They did not speak nor pass a sign of recognition. But the instant their eyes withdrew from each other Irene turned from the picture and left the rooms.
When Mr. Emerson looked back into the face of his companion, its charm was gone. Beside that of the fading countenance, so still and nun-like, upon which he had gazed a moment before, it looked coarse and worldly. When she spoke, her tones no longer came in chords of music to his ears, but jarred upon his feelings. He grew silent; cold, abstracted. The lady noted the change, and tried to rally him; but her efforts were vain. He moved by her side like an automaton, and listened to her comments on the pictures they paused to examine in such evident absent-mindedness that she became annoyed, and proposed returning home. Mr. Emerson made no objection, and they left the quiet picture-gallery for the turbulence of Broadway. The ride home was a silent one, and they separated in mutual embarrassment, Mr. Emerson going back to his rooms instead of to his office, and sitting down in loneliness there, with a shuddering sense of thankfulness at his heart for the danger he had just escaped.
“What a blind spell was on me!” he said, as he gazed away down into his soul—far, far deeper than any tone or look from Mrs. Eager had penetrated—and saw needs, states and yearnings there which must be filled or there could be no completeness of life. And now the still, pale face of Irene stood out distinctly; and her deep, weird, yearning eyes looked into his with a fixed intentness that stirred his heart to its profoundest depths.
Mr. Emerson was absent from his office all that day. But on the next morning he was at his post, and it would have taken a close observer to have detected any change in his usually quiet face. But there was a change in the man—a great change. He had gone down deeper into his heart than he had ever gone before, and understood himself better. There was little danger of his ever being tempted again in this direction.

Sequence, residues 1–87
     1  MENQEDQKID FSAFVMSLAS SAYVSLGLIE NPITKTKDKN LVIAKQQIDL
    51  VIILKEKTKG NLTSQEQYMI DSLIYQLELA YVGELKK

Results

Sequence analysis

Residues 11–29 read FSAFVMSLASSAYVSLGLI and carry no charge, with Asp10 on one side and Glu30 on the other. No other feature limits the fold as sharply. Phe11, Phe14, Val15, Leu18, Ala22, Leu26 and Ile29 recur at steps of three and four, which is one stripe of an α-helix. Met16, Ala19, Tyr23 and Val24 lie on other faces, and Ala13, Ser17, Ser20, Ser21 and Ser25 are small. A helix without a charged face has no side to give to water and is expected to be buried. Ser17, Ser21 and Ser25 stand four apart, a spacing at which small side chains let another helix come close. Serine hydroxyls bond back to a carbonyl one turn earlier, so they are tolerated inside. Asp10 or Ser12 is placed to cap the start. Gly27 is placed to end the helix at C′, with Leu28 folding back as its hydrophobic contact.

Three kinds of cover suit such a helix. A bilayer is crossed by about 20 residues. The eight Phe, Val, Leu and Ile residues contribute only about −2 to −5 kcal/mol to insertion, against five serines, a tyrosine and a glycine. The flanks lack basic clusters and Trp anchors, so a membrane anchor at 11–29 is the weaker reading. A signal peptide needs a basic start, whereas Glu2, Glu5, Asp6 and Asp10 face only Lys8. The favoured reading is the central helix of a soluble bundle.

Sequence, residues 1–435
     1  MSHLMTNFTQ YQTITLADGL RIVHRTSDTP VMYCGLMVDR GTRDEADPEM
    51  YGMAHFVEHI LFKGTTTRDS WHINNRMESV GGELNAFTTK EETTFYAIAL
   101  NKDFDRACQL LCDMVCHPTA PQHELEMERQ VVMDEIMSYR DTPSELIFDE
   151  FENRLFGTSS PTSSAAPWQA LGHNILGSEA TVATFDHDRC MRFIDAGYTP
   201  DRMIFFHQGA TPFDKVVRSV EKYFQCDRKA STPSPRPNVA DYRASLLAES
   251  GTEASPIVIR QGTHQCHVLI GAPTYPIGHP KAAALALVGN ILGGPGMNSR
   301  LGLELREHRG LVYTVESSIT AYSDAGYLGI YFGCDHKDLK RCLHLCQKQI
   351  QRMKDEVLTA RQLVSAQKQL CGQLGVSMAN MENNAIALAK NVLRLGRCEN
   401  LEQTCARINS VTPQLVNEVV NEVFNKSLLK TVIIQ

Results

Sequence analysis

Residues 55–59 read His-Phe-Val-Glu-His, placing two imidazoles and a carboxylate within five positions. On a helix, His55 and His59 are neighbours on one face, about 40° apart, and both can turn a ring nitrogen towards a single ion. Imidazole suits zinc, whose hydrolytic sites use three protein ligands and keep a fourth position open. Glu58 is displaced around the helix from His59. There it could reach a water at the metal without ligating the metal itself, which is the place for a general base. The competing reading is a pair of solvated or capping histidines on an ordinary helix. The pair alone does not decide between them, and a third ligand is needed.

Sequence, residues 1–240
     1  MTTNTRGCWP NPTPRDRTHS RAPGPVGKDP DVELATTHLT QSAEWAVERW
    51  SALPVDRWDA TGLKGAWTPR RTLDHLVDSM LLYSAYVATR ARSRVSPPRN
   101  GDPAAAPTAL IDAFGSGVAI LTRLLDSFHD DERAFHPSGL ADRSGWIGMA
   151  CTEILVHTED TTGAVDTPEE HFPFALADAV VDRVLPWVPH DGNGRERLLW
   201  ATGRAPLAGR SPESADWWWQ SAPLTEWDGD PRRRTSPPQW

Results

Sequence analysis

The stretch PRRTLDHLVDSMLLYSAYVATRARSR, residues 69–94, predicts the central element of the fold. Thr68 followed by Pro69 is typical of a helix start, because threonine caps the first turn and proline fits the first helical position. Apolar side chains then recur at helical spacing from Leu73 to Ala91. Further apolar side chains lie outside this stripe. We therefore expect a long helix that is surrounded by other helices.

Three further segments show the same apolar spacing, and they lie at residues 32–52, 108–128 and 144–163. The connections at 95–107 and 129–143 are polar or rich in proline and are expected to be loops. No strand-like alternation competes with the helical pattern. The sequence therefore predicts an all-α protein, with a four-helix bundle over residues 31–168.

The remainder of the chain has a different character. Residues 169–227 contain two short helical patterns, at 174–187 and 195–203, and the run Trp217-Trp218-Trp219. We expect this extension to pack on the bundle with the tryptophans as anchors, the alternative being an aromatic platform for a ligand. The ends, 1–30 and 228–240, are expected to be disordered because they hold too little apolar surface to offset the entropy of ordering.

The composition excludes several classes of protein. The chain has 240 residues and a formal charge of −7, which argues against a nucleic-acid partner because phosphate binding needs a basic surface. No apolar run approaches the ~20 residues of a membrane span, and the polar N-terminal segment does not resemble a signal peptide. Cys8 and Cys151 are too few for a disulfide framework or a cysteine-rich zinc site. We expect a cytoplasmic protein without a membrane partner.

EFFECTS OF THE STORM.
IT was more than a week before Mr. Emerson called again upon the lady friend who had shown so strong a desire to procure him a wife. He expected her to introduce the name of Mrs. Eager, and came prepared to talk in a way that would for ever close the subject of marriage between them. The lady expressed surprise at not having seen him for so long a time, and then introduced the subject nearest her thought.
“What was the matter with you and Mrs. Eager?” she asked, her face growing serious.
Mr. Emerson shook his head, and said, “Nothing,” with not a shadow of concern in his voice.
“Nothing? Think again. I could hardly have been deceived.”
“Why do you ask? Did the lady charge anything ungallant against me?”
Mr. Emerson was unmoved.
“Oh no, no! She scarcely mentioned your name after her return from viewing the pictures. But she was not in so bright a humor as when she went out, and was dull up to the hour of her departure for Boston. I’m afraid you offended her in some way—unconsciously on your part, of course.”